WordPress Maintenance Mode: Best Practices

wordpress-maintenance-mode-teaser

I expect every WordPress user to know it; the WordPress Maintenance Mode. During every update, the CMS puts itself into the maintenance mode, no matter whether it’s a core, theme, or plugin update. In that period, your visitors are unable to access your website. This doesn’t sound all that good, but it’s actually a handy thing.

Eine Einführung in den WordPress Maintenance Mode

The WordPress Maintenance Mode

There are many possible reasons to send your website into the maintenance mode. The most important ones being website, theme, and plugin updates.

Website Updates

Each time your website is edited, it should be moved into the maintenance mode for the public. The user will immediately know that your website can not be viewed for a certain amount of time and that he’s better off checking back later.

Theme and Plugin Updates

The term updates does not only mean theme updates, but also the installation and set up of new themes. Of course, other things that take longer than a couple of seconds, or minutes are possible as well. This includes changes made to the stylesheet, or the integration of new areas, for example.

The installation of new themes may take some time. However, simple theme or plugin updates might do so as well. That’s why WordPress puts itself into the maintenance mode completely on its own. During that, mostly short, period, the users will usually see the message:

Briefly unavailable for scheduled maintenance. Check back in a minute.

Here, your language settings don’t matter. The message is always displayed in English.

The Integrated WordPress Maintenance Mode

The message is a part of the integrated maintenance mode of our popular CMS. It is created dynamically during each theme, plugin, or WordPress core update. Now and then, the message might not delete itself automatically like it usually should. Then, you’ll have to take care of that.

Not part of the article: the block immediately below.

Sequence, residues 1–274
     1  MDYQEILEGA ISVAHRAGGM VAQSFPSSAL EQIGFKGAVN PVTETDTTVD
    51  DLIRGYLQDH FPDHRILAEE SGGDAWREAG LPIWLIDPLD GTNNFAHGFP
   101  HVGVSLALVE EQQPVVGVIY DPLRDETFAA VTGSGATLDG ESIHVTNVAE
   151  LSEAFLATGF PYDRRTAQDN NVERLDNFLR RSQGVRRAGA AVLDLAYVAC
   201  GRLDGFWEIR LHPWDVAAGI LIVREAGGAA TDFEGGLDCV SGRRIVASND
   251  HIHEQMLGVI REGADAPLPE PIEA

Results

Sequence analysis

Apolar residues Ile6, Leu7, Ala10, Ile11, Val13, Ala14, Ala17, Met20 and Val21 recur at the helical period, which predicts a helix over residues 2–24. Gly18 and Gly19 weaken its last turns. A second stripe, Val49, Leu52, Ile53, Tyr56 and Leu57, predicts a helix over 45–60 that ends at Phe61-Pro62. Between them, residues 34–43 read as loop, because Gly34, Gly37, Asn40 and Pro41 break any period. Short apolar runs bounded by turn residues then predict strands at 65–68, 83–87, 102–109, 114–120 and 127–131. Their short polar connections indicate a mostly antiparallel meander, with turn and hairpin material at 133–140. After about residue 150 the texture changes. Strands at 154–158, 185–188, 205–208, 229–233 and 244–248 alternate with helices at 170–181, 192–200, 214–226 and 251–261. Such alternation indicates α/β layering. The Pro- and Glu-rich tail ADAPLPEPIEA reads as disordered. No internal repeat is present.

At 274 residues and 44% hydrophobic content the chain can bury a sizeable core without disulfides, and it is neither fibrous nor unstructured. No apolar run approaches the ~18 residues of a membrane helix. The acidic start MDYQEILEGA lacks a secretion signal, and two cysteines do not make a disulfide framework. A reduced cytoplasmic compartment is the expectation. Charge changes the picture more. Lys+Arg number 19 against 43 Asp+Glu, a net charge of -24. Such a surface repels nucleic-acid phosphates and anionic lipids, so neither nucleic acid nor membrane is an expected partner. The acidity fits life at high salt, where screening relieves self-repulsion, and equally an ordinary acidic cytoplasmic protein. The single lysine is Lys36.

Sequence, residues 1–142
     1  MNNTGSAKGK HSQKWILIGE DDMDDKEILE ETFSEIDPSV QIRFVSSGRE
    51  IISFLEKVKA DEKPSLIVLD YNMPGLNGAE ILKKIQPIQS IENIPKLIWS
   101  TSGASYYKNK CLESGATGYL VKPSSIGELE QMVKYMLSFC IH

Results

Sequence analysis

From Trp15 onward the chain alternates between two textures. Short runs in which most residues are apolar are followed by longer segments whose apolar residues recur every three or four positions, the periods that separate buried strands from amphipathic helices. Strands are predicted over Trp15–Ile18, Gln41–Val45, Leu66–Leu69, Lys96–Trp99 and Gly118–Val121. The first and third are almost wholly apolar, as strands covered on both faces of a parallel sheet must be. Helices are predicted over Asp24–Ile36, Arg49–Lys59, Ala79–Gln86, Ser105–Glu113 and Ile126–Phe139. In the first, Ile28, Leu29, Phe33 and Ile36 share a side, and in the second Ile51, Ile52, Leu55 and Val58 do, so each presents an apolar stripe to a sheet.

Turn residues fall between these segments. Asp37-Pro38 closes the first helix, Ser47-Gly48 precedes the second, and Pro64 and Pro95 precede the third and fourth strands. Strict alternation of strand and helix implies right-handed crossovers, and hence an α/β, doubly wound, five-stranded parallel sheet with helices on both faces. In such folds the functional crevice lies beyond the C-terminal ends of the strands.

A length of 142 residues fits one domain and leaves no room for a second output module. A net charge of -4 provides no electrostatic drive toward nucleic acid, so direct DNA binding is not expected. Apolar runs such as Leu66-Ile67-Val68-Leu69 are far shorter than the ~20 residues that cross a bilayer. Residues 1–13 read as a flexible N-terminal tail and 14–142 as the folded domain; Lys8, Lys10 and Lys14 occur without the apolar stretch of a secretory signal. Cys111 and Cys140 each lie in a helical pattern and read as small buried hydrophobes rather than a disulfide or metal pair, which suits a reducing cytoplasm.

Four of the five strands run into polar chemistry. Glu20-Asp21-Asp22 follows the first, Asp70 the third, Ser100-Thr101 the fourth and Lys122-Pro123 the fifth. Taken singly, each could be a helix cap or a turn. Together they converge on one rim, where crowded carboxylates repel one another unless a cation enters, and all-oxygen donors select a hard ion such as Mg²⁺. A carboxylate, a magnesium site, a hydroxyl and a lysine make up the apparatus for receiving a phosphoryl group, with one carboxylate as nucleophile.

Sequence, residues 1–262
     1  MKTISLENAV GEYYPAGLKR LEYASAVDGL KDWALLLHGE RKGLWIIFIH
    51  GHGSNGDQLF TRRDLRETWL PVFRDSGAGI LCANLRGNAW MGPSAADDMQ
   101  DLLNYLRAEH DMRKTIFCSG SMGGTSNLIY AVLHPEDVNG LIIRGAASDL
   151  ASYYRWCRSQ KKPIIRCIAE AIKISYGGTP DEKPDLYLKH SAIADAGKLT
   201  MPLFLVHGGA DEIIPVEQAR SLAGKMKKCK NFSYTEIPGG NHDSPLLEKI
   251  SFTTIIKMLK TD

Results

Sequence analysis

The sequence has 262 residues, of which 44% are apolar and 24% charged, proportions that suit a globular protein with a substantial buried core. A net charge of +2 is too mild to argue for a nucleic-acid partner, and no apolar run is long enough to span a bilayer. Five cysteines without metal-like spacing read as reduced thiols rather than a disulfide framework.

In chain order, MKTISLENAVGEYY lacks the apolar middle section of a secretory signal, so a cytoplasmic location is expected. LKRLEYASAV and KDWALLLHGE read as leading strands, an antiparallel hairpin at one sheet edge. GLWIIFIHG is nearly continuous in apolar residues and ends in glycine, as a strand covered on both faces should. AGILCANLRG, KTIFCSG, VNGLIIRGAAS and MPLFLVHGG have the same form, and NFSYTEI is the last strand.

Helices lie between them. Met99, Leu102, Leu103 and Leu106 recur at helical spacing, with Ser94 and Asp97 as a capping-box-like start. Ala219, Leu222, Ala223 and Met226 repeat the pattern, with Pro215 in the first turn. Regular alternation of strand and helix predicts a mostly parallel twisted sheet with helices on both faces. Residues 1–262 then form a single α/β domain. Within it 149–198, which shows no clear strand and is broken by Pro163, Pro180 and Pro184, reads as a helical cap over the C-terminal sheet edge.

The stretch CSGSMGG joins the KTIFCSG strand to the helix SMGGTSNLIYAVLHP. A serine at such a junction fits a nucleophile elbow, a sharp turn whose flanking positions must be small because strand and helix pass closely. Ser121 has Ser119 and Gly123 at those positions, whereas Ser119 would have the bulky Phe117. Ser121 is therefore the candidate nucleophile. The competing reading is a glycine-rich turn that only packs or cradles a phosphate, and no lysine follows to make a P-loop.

Just connect to your WordPress installation using an FTP program, make sure that the program also displays “invisible files”, and then delete the file .maintenance from the server.

maintenance-datei-loeschen

Manually Putting WordPress Into the Maintenance Mode

The method with the automatic WordPress maintenance mode mentioned above surely works well and is sufficient in some default cases. However, the Auto mode is not usable for tasks more complicated than a short plugin or theme update.

WordPress can also be put into the maintenance mode manually, though. This doesn’t take much effort.

Maintenance Mode Via Snippet

A simple snippet with a few lines of code is sufficient and fulfills its purpose.

<?php
// Activate the WordPress Maintenance Mode
function wp_maintenance_mode(){
if(!current_user_can('edit_themes') || !is_user_logged_in()){
wp_die('<h1 style="color:red">Website in Maintenance Mode</h1><br />We need to work on the website for a bit. Please be patient, we'll be back online as soon as possible.');
}
}
add_action('get_header', 'wp_maintenance_mode');

The fragment is copied into the active theme’s functions.php, and instantly puts the website into the maintenance mode. When the mode is not needed, only comment out the call-up of the function. Then, it will look like this:

<?php
// Activate the WordPress Maintenance Mode
function wp_maintenance_mode(){
if(!current_user_can('edit_themes') || !is_user_logged_in()){